ISLAMABAD, Nov 22: The President of International Committee of the Red Cross, Jakob Kellenberger, has expressed grave concern over the uncertainty surrounding the fate of the Taliban militia trapped in the northern Afghan town of Kunduz.
Speaking to a group of journalists here on Thursday, he said the ICRC would be able to provide help to these people only after the siege is lifted and fighting stopped.
“We would then be able to register them and provide the needed relief to them,” he added.
The ICRC president, who is on his way to Kabul, broke journey here for a day to meet President Gen Pervez Musharraf, Interior Minister Moinuddin Haider and the Minister of State for Frontier Region and Kashmir Affairs Abbas Sarfraz Khan.
He said the issue of those trapped in Kunduz also came up in his meetings with the Pakistani leaders and a number of ideas for bringing relief to the besieged people were discussed.
In the course of his talk with the journalists, Mr Kellenberger, however, gave the impression that the ICRC could do little for those under attack in Kunduz as long as the fighting continued.
When asked why the ICRC could not go into Kunduz while the negotiations were going on between the two combatants, and find out the real state of humanitarian disaster inside the city under siege, Mr Kellenberger said that even this would have to be negotiated between the two combating parties before the ICRC could go in.
The ICRC chief sounded concerned about the lack of an authoritative agency inside Afghanistan whom it could approach for having the unnecessary obstacles in its way for a relatively more effective relief work.
He, however, said the ICRC had never functioned under armed guards, and therefore, it was not looking for any such help. He certainly seemed concerned about the uncertain situation in most parts of Afghanistan which had rendered those areas out of reach of the ICRC.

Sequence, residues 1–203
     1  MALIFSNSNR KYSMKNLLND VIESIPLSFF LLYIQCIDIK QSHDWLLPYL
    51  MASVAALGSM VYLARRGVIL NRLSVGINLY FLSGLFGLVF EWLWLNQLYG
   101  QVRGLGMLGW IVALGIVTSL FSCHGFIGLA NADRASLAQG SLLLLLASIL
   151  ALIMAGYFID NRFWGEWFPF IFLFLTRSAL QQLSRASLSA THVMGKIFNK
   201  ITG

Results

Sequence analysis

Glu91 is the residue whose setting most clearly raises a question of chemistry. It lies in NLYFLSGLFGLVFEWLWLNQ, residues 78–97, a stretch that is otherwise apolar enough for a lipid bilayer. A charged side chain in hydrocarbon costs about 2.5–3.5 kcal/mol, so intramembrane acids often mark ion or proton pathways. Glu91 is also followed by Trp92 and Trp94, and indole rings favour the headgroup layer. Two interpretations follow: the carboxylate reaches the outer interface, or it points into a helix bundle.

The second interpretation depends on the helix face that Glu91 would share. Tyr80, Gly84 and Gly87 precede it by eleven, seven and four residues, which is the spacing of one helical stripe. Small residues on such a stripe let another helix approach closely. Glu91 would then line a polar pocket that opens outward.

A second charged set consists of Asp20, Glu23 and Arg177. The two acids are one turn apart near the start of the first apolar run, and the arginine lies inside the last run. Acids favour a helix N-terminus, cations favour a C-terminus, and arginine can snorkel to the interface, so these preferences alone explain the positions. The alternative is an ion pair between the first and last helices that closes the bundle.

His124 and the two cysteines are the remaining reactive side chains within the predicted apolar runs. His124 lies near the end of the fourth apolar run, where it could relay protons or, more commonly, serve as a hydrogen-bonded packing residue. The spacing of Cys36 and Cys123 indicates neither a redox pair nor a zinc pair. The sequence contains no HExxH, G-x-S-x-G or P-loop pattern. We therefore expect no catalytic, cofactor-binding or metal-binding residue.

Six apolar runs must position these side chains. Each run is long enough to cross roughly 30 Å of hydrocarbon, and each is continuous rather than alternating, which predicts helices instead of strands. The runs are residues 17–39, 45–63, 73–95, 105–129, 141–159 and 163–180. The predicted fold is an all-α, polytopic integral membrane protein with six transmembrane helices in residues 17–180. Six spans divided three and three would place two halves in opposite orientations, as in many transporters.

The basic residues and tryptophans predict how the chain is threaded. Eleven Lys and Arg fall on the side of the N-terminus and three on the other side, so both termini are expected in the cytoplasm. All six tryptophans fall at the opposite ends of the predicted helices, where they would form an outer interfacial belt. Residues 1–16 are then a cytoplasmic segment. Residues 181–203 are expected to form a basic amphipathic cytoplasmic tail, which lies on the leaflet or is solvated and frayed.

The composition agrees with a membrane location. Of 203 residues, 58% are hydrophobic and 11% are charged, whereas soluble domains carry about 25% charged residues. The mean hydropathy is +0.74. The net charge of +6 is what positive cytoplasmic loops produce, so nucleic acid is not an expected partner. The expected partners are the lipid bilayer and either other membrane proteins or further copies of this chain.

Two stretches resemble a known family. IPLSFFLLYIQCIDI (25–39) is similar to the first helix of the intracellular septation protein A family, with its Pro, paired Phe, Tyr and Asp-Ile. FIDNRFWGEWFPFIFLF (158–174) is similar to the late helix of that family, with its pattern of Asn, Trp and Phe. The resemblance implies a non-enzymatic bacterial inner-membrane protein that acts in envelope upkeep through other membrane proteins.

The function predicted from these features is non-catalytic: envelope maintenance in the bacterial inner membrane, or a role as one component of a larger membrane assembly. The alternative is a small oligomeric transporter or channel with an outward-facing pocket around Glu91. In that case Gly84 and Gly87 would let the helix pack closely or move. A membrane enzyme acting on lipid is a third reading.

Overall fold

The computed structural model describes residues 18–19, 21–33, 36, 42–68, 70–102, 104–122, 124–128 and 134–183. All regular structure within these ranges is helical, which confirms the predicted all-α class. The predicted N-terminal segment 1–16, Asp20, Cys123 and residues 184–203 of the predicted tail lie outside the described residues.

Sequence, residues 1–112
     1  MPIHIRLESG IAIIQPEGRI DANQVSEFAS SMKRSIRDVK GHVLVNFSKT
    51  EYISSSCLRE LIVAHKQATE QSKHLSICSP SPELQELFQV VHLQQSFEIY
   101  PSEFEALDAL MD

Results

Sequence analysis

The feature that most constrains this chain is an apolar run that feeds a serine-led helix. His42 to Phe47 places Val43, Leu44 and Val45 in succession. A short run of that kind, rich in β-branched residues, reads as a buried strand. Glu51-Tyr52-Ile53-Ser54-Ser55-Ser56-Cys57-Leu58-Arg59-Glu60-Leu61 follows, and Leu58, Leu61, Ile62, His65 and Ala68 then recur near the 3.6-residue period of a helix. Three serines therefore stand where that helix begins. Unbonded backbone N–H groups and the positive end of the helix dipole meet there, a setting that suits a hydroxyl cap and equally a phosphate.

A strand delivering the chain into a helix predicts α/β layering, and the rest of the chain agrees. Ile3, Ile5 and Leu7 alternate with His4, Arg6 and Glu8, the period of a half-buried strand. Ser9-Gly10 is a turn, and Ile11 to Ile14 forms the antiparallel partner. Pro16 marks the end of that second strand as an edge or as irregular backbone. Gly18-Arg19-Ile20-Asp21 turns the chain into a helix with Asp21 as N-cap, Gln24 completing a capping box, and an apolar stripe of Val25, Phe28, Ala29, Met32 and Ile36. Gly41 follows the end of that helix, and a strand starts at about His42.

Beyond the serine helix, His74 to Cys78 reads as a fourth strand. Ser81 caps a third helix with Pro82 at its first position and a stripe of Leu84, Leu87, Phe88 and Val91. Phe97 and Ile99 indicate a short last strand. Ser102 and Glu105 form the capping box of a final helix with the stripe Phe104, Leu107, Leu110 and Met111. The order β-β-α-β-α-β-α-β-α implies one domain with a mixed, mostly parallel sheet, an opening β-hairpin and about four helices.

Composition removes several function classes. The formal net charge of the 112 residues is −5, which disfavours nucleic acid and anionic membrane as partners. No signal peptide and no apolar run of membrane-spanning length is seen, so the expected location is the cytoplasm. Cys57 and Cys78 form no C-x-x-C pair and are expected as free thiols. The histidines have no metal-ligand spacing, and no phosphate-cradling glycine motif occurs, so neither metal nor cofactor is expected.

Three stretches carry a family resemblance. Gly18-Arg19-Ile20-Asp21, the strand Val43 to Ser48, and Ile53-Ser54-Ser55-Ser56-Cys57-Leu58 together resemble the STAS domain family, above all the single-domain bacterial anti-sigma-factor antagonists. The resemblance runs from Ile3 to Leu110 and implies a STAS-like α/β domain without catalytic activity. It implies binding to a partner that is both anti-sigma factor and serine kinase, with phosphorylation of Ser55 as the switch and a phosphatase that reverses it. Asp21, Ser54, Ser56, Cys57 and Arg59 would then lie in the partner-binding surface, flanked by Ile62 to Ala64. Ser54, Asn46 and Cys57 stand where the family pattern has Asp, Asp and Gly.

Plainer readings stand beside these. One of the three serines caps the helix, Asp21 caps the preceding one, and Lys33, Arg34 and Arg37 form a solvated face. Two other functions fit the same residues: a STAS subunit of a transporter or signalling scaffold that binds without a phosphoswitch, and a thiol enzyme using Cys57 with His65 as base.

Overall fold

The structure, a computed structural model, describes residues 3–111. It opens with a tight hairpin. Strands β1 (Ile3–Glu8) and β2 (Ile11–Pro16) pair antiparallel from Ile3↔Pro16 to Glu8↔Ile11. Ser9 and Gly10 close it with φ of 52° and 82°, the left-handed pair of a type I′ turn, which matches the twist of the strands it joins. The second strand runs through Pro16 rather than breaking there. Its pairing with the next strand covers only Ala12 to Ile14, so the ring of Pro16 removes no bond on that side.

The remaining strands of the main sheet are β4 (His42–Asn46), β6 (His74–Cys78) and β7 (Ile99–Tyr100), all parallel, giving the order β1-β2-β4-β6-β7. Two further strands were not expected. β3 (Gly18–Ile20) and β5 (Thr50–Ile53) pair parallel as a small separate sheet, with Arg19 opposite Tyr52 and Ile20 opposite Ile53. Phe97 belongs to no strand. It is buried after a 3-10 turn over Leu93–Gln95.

He said the ICRC, which had withdrawn its expatriate personnel from Afghanistan soon after the Sept 11 tragedy had decided to resume its activities at the same old level.
“Our activities had never stopped in Afghanistan. The local staff which numbered around 1,000 continued the good work and I would specially thank them during my visit there for their services under the most trying conditions,” he added.
He said there were as many as 50-70 expatriate ICRC workers in Afghanistan before they were all withdrawn, adding out of these 24 were likely to go back very soon.
He said there were six ICRC-run orthopaedic hospitals in various cities in Afghanistan which needed to be properly staffed and provided with the needed hardware and help.
He said the total annual budget of the ICRC was a billion Swiss francs and out of this Afghanistan was allocated 85 million Swiss francs in a calender year.
MEETING WITH MUSHARRAF: The president of the International Committee of the Red Cross, Jakob Kellenberger, called on President Pervez Musharraf here on Thursday, adds APP.
On the occasion, President Pervez Musharraf expressed deep concern over the safety of Afghan and non-Afghan Taliban in the Kunduz area, who reportedly wish to surrender to the UN or a neutral authority.
Gen Musharraf emphasized that the coalition, the United Nations and also the ICRC must do everything to ensure that these people were treated in accordance with international humanitarian law and did not become victims of revenge.
The ICRC chief assured the president that the ICRC would do everything within its mandate to ensure that international humanitarian law was respected with regard to those under siege in the Kunduz area.
MEETING WITH MINISTER: The ICRC chief, Jakob Kellenberger, called on the Minister for Kana and Safron Abbas Sarfaraz Khan on Thursday.
Mr Kellenberger briefed the minister on their operations for the war-hit people of Afghanistan and stated that the ICRC was providing medicines and other surgical items to the hospitals in Afghanistan.